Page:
Welcome to the Historical Fiction Online forums: a friendly place to discuss, review and discover historical fiction.
If this is your first visit, please be sure to check out the FAQ by clicking the link above.
You will have to register before you can post: click the register link above to proceed.
To start viewing posts, select the forum that you want to visit from the selection below.

villains

For discussions of historical fiction. Threads that do not relate to historical fiction should be started in the Chat forum or elsewhere on the forum, depending on the topic.
User avatar
LoveHistory
Bibliomaniac
Posts: 3751
Joined: September 2008
Location: Wisconsin, USA
Contact:

Post by LoveHistory » Tue September 2nd, 2008, 7:11 pm

I like villains who are intelligent/funny. None of those one-dimensional, idiot, evil overlord types for me. I also like to get a sense of why a villain is the way he/she is.

User avatar
michellemoran
Bibliophile
Posts: 1186
Joined: August 2008
Contact:

Post by michellemoran » Tue September 2nd, 2008, 7:26 pm

I could easily identify what I like about fictional villains, but historical "villains" (which I assume to mean murderers) are much more difficult to read about/write because few people probably considers themselves a villain. Stalin, for example, probbaly thought of himself as quite the stand-up guy. Clearly, he knew he was a murderer, but while that word has terrible connotations for most of us, I'd be willing to bet that in his mind, there were varying degrees of murderers defined (and sometimes excused) by motivation/position in society.
Visit MichelleMoran.com
Check out Michelle's blog History Buff at michellemoran.blogspot.com

User avatar
LoveHistory
Bibliomaniac
Posts: 3751
Joined: September 2008
Location: Wisconsin, USA
Contact:

Post by LoveHistory » Tue September 2nd, 2008, 8:14 pm

[quote=""michellemoran""]I could easily identify what I like about fictional villains, but historical "villains" (which I assume to mean murderers) are much more difficult to read about/write because few people probably considers themselves a villain. Stalin, for example, probbaly thought of himself as quite the stand-up guy. Clearly, he knew he was a murderer, but while that word has terrible connotations for most of us, I'd be willing to bet that in his mind, there were varying degrees of murderers defined (and sometimes excused) by motivation/position in society.[/quote]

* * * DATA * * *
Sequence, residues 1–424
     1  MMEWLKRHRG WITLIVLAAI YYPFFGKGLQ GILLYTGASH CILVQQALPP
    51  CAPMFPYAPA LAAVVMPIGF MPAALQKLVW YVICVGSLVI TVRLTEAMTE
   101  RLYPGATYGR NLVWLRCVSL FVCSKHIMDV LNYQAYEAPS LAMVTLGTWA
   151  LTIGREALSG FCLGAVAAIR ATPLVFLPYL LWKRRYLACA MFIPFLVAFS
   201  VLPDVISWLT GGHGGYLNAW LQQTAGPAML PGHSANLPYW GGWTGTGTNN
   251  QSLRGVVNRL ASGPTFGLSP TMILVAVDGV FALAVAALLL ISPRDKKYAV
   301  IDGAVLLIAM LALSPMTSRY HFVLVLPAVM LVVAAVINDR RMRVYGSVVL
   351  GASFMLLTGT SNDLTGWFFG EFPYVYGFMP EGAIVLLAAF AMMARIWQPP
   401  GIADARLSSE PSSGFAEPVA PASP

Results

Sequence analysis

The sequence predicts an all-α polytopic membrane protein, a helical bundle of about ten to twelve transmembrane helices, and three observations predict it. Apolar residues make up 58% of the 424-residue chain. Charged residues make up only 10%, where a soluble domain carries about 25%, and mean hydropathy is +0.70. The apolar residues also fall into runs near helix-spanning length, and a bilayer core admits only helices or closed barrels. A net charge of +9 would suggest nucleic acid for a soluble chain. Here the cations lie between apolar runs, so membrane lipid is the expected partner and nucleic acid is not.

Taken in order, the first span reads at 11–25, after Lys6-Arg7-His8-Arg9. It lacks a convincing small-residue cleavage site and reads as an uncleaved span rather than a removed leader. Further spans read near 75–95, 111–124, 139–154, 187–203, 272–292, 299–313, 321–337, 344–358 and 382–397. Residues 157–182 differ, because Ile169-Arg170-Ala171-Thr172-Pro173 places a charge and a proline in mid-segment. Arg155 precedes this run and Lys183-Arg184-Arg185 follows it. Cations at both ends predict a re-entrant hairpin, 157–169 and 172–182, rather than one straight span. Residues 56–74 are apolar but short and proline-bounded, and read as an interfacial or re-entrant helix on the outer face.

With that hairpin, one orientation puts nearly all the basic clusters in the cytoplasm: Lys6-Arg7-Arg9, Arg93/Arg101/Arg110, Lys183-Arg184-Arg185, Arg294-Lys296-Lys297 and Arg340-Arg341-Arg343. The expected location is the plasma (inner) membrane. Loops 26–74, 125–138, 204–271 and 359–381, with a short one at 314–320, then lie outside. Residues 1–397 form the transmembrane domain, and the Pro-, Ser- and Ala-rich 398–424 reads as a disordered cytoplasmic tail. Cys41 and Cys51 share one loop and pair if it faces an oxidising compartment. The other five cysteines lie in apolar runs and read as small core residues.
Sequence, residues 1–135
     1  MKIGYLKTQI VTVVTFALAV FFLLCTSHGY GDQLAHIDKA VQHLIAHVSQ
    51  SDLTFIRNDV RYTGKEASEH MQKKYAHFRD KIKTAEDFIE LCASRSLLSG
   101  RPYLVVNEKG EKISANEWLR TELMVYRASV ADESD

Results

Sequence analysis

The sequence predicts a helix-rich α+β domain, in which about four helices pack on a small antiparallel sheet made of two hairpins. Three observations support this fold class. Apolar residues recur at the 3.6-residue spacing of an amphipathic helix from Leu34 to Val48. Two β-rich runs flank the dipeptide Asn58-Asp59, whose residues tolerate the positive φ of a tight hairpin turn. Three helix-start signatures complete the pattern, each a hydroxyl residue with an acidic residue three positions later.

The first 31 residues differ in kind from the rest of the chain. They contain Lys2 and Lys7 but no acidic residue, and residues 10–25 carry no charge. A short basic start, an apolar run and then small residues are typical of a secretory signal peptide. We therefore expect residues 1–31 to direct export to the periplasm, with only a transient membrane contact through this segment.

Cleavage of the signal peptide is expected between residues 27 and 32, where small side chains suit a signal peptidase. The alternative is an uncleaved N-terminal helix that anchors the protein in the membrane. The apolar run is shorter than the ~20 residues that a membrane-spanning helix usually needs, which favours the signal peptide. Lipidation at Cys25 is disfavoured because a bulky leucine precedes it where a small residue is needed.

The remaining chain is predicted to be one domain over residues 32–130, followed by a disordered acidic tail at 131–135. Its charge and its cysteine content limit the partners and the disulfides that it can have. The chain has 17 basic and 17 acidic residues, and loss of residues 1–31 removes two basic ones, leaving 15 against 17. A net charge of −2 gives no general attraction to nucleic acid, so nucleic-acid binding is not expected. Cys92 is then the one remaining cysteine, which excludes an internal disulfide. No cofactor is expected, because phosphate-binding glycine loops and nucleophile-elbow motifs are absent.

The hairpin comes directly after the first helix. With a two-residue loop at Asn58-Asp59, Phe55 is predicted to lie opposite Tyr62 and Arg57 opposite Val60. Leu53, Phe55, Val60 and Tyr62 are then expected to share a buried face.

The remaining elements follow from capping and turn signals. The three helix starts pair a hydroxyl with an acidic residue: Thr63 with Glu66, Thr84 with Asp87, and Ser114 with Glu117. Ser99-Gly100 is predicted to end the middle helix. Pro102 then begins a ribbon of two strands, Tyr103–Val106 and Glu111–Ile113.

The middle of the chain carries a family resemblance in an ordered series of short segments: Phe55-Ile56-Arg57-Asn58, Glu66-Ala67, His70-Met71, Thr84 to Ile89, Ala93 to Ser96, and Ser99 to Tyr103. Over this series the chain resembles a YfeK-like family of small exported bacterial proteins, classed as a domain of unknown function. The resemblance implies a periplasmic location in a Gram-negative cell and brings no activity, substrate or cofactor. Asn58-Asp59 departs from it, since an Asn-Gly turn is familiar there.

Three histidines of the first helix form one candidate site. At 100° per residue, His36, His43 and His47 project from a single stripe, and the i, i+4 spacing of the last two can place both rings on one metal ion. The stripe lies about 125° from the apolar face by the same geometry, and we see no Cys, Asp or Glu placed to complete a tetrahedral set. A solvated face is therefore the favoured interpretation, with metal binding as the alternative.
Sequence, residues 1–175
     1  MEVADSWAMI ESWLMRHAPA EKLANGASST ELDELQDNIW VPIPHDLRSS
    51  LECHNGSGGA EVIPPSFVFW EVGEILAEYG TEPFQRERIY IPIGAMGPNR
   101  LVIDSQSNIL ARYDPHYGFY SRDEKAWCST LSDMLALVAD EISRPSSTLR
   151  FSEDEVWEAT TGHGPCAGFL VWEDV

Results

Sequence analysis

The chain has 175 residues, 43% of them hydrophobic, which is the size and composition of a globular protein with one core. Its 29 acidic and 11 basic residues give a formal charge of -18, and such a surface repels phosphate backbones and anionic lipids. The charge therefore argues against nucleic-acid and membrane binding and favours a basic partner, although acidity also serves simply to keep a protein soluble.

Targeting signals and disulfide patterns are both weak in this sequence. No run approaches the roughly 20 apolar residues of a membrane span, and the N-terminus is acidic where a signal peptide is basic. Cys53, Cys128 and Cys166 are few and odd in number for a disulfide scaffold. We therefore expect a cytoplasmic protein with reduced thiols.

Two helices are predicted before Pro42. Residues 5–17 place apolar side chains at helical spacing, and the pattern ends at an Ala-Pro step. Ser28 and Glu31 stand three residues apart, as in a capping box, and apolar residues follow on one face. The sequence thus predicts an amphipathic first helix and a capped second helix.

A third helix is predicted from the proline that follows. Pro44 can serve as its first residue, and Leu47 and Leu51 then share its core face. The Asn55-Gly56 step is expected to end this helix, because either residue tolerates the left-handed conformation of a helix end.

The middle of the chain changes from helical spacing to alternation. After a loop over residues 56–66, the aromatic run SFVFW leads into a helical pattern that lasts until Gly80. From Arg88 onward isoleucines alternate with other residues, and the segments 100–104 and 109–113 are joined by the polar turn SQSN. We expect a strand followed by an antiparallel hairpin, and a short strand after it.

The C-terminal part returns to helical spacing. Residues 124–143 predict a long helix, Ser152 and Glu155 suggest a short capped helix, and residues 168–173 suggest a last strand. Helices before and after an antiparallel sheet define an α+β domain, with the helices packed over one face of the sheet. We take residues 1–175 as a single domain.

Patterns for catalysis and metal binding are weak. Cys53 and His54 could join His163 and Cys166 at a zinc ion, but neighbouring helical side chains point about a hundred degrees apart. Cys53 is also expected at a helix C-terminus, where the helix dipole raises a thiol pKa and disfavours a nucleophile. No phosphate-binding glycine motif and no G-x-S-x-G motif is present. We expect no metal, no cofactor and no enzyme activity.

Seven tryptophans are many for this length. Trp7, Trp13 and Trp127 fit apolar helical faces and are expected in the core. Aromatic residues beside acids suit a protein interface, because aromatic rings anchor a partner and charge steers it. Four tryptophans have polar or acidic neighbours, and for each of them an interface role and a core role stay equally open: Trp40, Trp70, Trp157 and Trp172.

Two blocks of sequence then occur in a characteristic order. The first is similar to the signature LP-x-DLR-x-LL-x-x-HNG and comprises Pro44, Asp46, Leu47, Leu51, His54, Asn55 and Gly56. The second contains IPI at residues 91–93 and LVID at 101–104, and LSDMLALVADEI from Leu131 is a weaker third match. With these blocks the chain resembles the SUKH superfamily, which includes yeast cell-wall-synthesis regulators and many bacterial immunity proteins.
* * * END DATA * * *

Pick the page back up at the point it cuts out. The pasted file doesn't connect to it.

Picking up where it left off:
Isn't he the guy who said that one death is a tragedy but a million deaths is a statistic?

User avatar
michellemoran
Bibliophile
Posts: 1186
Joined: August 2008
Contact:

Post by michellemoran » Tue September 2nd, 2008, 8:54 pm

Yes! And the one death he was talking about was probably his own. :/
Visit MichelleMoran.com
Check out Michelle's blog History Buff at michellemoran.blogspot.com

User avatar
Spitfire
Reader
Posts: 212
Joined: September 2008
Location: Canada

Post by Spitfire » Wed September 3rd, 2008, 4:33 pm

I would have to say that I love to hate Prince John in Geillis's Roselynd Chronicle series. Or how about PG's Beatrice Lacey...although she is probably idenified as the protagonist, she can also be grouped as a villian as well as she is so corrupt and evil. Thus I would nominate her as another villian that you love to hate!
Only the pure of heart can make good soup. - Beethoven

User avatar
LCW
Compulsive Reader
Posts: 753
Joined: August 2008
Location: Southern California

Post by LCW » Wed September 3rd, 2008, 4:42 pm

My favorite villains of all time are Maegwllyn (sp?) and Sir Nicholas from Nectar From A Stone. Maegwllyn was just creepily evil while Nicholas was deviously insane! They were just flat out bad but also had touching sides to them and they really believed they were right. They were just absolutely brilliant!
Books to the ceiling,
Books to the sky,
My pile of books is a mile high.
How I love them! How I need them!
I'll have a long beard by the time I read them. --Arnold Lobel

User avatar
Eyza
Scribbler
Posts: 17
Joined: August 2008
Location: Seattle, Washington
Contact:

Post by Eyza » Sun September 7th, 2008, 11:48 pm

Margaret and all:

I kind of tend to prefer what might be called "antiheroes" to real "villains". For one thing, they're more complex and less likely to be one-dimensional. For another, you end up having some sympathy for them, although these characters end up doing bad things. Besides, they're kind of "driven" to do them, even if they want to do "right", which makes for a more "textured" story.
Anne G

chuck
Bibliophile
Posts: 1073
Joined: August 2008
Location: Ciinaminson NJ

Post by chuck » Tue September 9th, 2008, 3:25 pm

"The Three Musketeers"...The lovely, charming and villainous Milady de Winter....strangling Constance with a Rosary...a very nasty deed....
Last edited by chuck on Tue September 9th, 2008, 3:27 pm, edited 1 time in total.

User avatar
Misfit
Bibliomaniac
Posts: 9581
Joined: August 2008
Location: Seattle, WA

Post by Misfit » Tue September 9th, 2008, 4:10 pm

[quote=""chuck""]"The Three Musketeers"...The lovely, charming and villainous Milady de Winter....strangling Constance with a Rosary...a very nasty deed....[/quote]

Milady was very very wicked indeed, as was her son in Twenty Years After.

chuck
Bibliophile
Posts: 1073
Joined: August 2008
Location: Ciinaminson NJ

Post by chuck » Tue September 9th, 2008, 4:28 pm

[quote=""Misfit""]Milady was very very wicked indeed, as was her son in Twenty Years After.[/quote]

Hello Misfit....The great writer... Dumas....I need to read him again....Might be a good for the coming Winter to re-read AD again....Haven't read him since my College Lit. days....It was required reading and it opened the doors for my passion for HF....Cheers.....P.S...This is such a informative and friendly group of posters....Long live HF Online....

Post Reply

Return to “General Discussion”